Benefits & Pensions
Why dental care needs to be part of health care — and on the federal election agenda
By Paul Allison/The Conversation
By Paul Allison/The Conversation
In Canada, dental care is not part of medical care. Approximately six per cent of dental care is paid for by public funds, with the rest being paid through private insurance (56 per cent) or out-of-pocket (38 per cent).
This contributes to significant inequalities in oral health and dental care, with the poorest Canadians having both the greatest burden of oral disease and the most difficulty accessing dental care.
While Canada’s medical care system has its problems, the fact that it is free at the point of service substantially helps all Canadians access it. The teeth and mouth are part of the body, and this false segregation of care systems costs individual Canadians and the country as a whole money we can ill afford. Writing as a researcher in the field of dental public health, it is my opinion that dental care should be part of medical care.
When health care is discussed as an issue in the federal election, dental care should be part of the discussion.
Irony and inequality
There is an awful irony that dental decay is among the most common non-communicable diseases globally, but treating it is not part of our public health-care system. The burden of oral disease for those individuals suffering the pain, difficulty eating, embarrassment smiling or talking and time off work or school is enormous.
Furthermore, 22 per cent of the population (approximately eight million people) reports avoiding the dentist due to cost. As a result, the public medical system ends up treating oral disease but often in inefficient and inappropriate ways.
For example, from 2010 to 2012, treatment of dental decay was by far the most common reason for one- to five-year-old children receiving general anesthesia, accounting for 31 per cent of all general anesthesia care in that age group. In addition, this procedure was much more common among Indigenous children, the poorest families and those living in rural areas. These children often have several severely decayed teeth because their parents are unable to afford dental care.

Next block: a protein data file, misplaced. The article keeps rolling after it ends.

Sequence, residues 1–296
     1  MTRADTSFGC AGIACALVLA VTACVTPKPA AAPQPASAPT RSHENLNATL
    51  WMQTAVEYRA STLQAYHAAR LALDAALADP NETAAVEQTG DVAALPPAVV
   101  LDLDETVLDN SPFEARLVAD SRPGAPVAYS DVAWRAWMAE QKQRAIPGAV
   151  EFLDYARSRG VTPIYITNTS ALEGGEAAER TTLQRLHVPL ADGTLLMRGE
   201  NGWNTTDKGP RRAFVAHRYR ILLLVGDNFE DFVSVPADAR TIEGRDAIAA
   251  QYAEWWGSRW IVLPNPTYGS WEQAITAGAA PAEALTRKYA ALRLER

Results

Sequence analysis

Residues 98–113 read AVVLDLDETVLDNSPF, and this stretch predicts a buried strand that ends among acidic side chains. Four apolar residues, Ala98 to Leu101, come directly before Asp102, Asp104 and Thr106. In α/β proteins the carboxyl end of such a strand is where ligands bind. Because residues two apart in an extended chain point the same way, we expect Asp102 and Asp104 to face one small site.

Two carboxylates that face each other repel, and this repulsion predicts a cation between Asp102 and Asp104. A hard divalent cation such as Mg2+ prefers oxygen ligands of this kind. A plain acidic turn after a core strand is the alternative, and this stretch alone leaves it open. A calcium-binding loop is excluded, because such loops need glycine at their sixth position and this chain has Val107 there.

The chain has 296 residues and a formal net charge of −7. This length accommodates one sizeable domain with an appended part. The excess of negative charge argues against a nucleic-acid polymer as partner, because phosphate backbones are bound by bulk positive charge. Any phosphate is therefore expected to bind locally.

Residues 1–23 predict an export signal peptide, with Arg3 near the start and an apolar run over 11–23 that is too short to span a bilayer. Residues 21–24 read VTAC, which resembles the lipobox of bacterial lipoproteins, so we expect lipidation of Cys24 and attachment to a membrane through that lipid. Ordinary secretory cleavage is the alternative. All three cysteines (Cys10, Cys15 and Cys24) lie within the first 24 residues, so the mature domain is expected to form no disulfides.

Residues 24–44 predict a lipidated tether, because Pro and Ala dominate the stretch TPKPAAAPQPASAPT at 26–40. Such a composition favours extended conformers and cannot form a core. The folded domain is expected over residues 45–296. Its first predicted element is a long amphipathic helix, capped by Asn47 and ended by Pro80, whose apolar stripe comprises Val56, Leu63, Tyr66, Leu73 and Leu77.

On top of this, increasing numbers of Canadians have precarious jobs with lower wages and fewer workplace benefits so have to pay for dental care out of pocket. This results in more people consulting physicians and/or emergency departments for dental problems, but often receiving sub-optimal care as those facilities are not equipped to provide the necessary treatment.
Oral care is health care
To add to these issues directly related to oral disease and dental care, we also know that the body’s systems do not segregate the mouth from the rest of the body. There are important examples of direct links between oral health and general health.
For example, worsening gum disease can result in deterioration in diabetes, and vice versa. And this burden of disease and difficulties accessing dental care is experienced very unequally among Canadians. The poorest groups, Indigenous people, recent immigrants, those with disabilities and those living in rural and remote Canada having significantly more problems. These inequalities are also greater among women than men in Canada.
However, there is something that can be done to improve this situation. This has been recognized by the World Health Organization, and is increasingly recognized in Canada. This year, the WHO passed a resolution paving the way for improved oral health care globally with the observation that:
“… oral health should be firmly embedded within the noncommunicable disease agenda and that oral health-care interventions should be included in universal health coverage programmes.”
The current federal election provides the opportunity to bring this issue to the forefront of the discussion on health care in Canada. In December 2019, the prime minister’s mandate letter for the Minister of Health requested her to “work with Parliament to study and analyze the possibility of national dental care.”
In October 2020, the federal Parliamentary Budget Office published a cost estimate for a federal dental care program for uninsured Canadians. This was based on the NDP proposal for Canadians earning less than $90,000 annually receiving care. The total cost was estimated to be $1.5 billion per year to cover care for approximately 6.5 million Canadians.
However, another recent report compared the costs of a “Denticaid” system providing public insurance to all children under 12 and others without private insurance, versus a “Denticare” system in which dental care is covered for all, just as with the medicare system. The report concluded that the net costs of the “Denticare” system were less, so Canada should adopt this approach.
Dental care should be moved into the medicare system. On top of the cost savings to individuals and the population as a whole, it would help reduce the substantial inequalities in oral disease and access to care, as well as promote the integration of medical and dental care so as to help people with gum disease and diabetes, the screening of young kids for dental decay and countless other situations in which our mouth is an integral part of our body.
Paul Allison is a professor of dental public health at McGill University. Allison receives funding from CIHR, PHAC, the COVID-19 Immunity Task Force and other public research funding agencies. He is affiliated with the Association of Canadian Faculties of Dentistry and the Canadian Academy of Health Sciences.
This article is republished from The Conversation under a Creative Commons license. Disclosure information is available on the original site.
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